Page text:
Name some funny or weird food combinations/dishes you really like - and probably no one else!
I probably love ketchup a little more than your average Joe (Jane?) and this has occasionally stirred a few outraged reactions, but apart from that, my tastes don't seem to shock anyone around me -- or maybe they're too polite to say?
What are the three eatables or dishes you simply don't want to live without?
That's easy: chocolate, zucchini and bread. Oh, wait. Can I make it four and throw cheese in there too?
Your favorite ice-cream
As a child I was a die-hard mint chocolate chip fan, but now I like variety and I guess any ice-cream that's rich and creamy, intensely flavored but not overly sweet, will be my friend. If it has chunks of things in it, it will be my very good friend.
You will probably never eat...
I can't guarantee I wouldn't recoil before the actual deed, but if given the opportunity I would gladly taste insects, reptiles, or anything that's usually considered gross in Western culture but normal and/or a treat in others.
A common ingredient you just can't bring yourself to stomach
However much I've tried, I can't seem to warm up to spinach or endives: they're the last vestiges of my childhood dislikes.
Which one culture's food would you most like to sample on its home turf?
I've had a longtime fascination with Japan and its multifaceted cuisine, and it is definitely my #1 most yearned for destination right now.
Any signs that this passion is going slightly over the edge and may need intervention?
Um, let's say that food and writing have become such an integral part of me and my life now, that I don't know what would be left if it had to be surgically removed!
Any embarrassing eating habits?
When I eat, the back of my mind is busy organizing the best strategy to eat what's on my plate, so that the front can enjoy its contents optimally -- something I've written about here.
Who would you want to come into your kitchen to cook dinner for you?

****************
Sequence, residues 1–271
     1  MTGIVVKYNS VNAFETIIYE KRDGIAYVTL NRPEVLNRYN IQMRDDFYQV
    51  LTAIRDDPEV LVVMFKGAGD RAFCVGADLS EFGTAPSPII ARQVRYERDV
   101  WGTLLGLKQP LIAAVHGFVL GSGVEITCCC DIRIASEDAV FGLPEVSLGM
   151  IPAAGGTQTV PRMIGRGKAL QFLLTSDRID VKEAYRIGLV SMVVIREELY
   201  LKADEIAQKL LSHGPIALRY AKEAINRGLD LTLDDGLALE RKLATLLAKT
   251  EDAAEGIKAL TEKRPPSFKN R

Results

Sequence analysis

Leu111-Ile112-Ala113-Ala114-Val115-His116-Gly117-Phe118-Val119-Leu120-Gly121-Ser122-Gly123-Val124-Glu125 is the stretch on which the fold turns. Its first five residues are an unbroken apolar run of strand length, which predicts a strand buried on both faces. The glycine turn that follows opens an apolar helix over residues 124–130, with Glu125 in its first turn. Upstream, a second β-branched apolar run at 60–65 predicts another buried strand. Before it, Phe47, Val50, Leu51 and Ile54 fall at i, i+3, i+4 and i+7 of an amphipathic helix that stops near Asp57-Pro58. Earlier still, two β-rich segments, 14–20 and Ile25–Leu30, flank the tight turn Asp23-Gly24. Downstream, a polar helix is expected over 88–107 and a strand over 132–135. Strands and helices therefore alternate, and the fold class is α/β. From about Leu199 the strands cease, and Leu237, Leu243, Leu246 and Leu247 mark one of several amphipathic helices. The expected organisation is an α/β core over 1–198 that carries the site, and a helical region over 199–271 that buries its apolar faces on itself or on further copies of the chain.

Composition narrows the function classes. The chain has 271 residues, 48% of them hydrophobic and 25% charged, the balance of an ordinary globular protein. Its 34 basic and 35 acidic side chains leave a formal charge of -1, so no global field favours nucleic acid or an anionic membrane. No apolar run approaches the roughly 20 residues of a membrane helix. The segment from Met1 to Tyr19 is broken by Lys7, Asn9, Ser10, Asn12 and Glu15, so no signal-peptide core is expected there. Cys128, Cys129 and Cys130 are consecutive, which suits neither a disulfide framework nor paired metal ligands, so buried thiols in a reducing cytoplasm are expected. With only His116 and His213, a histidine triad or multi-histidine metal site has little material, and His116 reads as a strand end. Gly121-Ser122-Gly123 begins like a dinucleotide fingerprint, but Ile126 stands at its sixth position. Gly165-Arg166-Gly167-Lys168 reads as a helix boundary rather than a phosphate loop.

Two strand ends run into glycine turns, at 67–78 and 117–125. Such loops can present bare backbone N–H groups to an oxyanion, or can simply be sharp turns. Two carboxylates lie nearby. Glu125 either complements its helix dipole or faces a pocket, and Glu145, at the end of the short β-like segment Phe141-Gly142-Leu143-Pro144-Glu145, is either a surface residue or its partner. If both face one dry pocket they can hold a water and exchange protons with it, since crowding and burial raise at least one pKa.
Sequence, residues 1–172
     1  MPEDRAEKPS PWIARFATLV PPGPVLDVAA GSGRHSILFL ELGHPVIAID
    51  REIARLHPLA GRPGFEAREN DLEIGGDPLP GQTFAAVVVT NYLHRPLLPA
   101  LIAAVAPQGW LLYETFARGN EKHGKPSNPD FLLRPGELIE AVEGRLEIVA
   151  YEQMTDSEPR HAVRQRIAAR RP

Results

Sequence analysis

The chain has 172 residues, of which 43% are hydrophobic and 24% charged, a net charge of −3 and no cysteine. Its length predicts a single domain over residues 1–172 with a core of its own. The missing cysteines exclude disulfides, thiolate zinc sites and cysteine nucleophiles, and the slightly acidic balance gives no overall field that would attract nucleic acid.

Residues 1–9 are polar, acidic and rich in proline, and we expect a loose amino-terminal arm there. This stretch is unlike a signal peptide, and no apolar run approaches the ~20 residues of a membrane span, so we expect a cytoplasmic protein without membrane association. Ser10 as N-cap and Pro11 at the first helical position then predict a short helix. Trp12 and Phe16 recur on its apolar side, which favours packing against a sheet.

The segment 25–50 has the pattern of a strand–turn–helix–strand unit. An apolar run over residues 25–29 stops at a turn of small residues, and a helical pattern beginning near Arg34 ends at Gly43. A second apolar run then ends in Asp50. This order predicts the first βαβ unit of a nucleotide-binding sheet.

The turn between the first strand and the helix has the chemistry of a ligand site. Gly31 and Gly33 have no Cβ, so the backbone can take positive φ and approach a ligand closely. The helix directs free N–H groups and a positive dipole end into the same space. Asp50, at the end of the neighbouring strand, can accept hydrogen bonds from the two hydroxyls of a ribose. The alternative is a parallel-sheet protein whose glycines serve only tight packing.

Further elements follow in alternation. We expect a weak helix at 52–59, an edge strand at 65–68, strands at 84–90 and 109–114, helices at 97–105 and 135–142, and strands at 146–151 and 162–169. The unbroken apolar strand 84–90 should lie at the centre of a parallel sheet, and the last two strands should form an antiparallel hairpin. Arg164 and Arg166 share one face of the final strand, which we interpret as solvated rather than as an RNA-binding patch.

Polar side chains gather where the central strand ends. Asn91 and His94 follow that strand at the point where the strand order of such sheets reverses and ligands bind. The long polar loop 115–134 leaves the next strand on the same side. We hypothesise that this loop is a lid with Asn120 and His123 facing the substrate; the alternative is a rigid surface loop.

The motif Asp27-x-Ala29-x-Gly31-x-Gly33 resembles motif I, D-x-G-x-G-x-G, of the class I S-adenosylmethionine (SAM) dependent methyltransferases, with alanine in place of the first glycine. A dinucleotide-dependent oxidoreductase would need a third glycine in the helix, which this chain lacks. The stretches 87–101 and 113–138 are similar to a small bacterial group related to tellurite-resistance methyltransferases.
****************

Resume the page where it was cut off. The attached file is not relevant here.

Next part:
My grandmother. She used to cook and bake wonderfully for her large family and many friends, but she is now in her nineties and unfortunately her health prevents her from standing for too long in the kitchen. We often talk about cooking, she shares recipes and tips and I try to learn as much as I can, but I wish I had gotten interested in cooking earlier so I could have played with her in the kitchen.
Who's your favorite food writer
[General food writing] I recently started reading MFK Fisher and deeply admire her work. I am in awe of the atemporal feel that her essays have, and I find her words strangely comforting.
[Restaurant reviews] I really enjoy François Simon's writing (in French). Amongst other things, he writes for Le Figaro and Le Figaroscope and he's the kind of writer who has developped a unique writing style and a vocabulary of his own -- a pleasure to read. He has also published a few books which I should check out.
[Cookbooks] My favorite cookbook author is Trish Deseine, who writes simple, inventive, reliable recipes -- sort of like Nigella, only Irish and living in France.
Three people to pass this along to
I hope I'm not double-tagging anyone, but I'd love to see what these delicious bloggers have to say: Caryn from Delicious! Delicious!, Heidi from 101 Cookbooks, and Debbie from Words to Eat By.
Chocolate & Zucchini [http://chocolateandzucchini.com]